When Greece assumes the European Union presidency on January 1, for a six-month period, its transportation brief will include a member states’ agreement to award the European Commission a wide-ranging mandate to negotiate a bilateral USA-EU “open skies” agreement.
Other areas of the brief regarding the Union’s common transport policy will focus on trans-European networks, the transatlantic common aviation area, road safety and the billing of transport services, said Greece’s transport and communications minister, Christos Verelis, during a recent European tour.
Furthermore, he said, Athens would push for an EU resolution setting out concrete steps to implement the Commission’s five-year plan to harmonize road safety standards across the EU. Regarding the commission’s proposals to pass common, EU-wide billing standards for transport services, the Greek presidency intends to enhance the relevant debate by recording member states’ reactions on the issue.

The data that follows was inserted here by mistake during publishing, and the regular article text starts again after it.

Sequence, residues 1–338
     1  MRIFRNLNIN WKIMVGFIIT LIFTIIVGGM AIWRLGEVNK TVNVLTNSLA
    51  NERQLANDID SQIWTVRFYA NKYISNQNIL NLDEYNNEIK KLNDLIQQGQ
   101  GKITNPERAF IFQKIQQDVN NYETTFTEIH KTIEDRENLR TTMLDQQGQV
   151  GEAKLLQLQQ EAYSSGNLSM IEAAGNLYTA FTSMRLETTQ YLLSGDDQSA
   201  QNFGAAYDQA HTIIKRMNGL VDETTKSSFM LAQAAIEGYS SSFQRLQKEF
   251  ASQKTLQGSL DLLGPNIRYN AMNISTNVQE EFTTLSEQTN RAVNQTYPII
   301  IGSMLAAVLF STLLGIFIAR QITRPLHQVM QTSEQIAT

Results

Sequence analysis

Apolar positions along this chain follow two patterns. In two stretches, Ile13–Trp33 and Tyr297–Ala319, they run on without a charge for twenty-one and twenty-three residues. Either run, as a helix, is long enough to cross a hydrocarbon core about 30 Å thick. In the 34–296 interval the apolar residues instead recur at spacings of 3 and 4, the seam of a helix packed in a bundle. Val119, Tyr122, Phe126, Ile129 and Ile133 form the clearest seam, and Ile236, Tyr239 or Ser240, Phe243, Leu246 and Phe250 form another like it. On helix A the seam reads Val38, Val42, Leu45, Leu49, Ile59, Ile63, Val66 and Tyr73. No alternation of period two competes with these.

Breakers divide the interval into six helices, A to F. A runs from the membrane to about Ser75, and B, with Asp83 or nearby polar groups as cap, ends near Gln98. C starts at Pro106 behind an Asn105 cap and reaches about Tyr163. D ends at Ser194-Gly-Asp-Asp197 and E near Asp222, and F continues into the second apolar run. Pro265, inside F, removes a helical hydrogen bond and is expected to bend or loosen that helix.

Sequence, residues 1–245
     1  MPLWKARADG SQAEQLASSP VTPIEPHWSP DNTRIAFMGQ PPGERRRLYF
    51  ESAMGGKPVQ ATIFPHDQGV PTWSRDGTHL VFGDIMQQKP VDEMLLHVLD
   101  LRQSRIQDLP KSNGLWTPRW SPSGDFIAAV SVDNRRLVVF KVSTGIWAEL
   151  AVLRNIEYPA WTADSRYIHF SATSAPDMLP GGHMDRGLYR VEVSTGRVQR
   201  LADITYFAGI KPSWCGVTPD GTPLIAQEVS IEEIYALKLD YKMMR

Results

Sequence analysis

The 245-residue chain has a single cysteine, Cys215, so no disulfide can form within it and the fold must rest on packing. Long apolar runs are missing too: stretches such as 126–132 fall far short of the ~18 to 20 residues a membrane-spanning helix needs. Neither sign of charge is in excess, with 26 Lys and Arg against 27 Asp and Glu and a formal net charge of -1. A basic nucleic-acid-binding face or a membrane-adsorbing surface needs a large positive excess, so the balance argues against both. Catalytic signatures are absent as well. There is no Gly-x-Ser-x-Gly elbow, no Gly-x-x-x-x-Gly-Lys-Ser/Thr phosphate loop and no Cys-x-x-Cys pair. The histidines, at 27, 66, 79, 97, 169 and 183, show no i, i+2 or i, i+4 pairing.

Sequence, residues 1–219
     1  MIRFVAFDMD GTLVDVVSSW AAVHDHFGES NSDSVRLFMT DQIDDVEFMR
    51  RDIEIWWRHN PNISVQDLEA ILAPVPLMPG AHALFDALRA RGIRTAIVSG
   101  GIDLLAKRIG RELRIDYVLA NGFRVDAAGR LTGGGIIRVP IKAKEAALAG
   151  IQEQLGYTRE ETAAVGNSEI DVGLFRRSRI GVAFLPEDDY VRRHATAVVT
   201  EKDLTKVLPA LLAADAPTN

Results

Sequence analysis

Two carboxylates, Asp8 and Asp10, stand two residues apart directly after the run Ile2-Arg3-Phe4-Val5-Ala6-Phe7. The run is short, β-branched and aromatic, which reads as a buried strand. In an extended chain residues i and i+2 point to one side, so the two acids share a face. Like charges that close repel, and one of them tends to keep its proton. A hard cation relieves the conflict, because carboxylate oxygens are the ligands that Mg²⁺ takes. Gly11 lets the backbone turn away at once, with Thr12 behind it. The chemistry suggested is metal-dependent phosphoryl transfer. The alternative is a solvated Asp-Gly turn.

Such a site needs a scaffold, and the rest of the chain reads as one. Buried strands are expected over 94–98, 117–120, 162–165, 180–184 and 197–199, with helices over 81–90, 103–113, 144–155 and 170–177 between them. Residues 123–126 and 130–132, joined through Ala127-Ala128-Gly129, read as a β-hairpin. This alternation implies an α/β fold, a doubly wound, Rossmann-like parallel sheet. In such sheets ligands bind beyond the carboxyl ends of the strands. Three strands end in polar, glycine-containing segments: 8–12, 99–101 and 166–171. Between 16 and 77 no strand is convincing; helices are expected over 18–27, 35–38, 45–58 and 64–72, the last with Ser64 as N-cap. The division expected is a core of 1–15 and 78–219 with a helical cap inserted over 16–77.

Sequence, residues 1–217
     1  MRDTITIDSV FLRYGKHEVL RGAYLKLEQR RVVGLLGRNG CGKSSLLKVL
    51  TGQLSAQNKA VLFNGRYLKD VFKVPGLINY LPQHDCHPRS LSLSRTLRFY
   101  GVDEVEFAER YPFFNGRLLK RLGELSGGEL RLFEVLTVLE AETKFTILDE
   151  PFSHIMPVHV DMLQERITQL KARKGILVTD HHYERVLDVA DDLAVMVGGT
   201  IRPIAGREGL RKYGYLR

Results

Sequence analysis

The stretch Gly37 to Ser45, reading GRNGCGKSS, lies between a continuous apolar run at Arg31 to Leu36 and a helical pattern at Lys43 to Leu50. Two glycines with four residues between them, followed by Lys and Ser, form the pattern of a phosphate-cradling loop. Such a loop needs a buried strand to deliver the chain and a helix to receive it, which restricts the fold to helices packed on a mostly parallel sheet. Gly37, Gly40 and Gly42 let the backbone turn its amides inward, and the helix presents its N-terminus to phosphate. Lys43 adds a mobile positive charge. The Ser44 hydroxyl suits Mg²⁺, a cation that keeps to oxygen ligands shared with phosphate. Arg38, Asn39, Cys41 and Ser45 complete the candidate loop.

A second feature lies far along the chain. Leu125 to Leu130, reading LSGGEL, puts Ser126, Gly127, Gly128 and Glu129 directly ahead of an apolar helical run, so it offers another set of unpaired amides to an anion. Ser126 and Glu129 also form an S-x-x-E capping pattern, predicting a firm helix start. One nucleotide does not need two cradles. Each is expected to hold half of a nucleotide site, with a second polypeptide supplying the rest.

Separately, sources said the country’s development and transport ministries are working closely in view of a planned EU regulation that would equate charter with scheduled flights as regards consumers’ compensation clauses.
Such an equality of rules would most likely put Greece at a disadvantage because of its strong dependence on charter flights, which would most likely become more expensive.
Greece welcomed a recent EU announcement that it would implement an open skies policy. Transport and Communications Minister Christos Verelis told reporters such a pact would help to reduce flight delays and improve safety.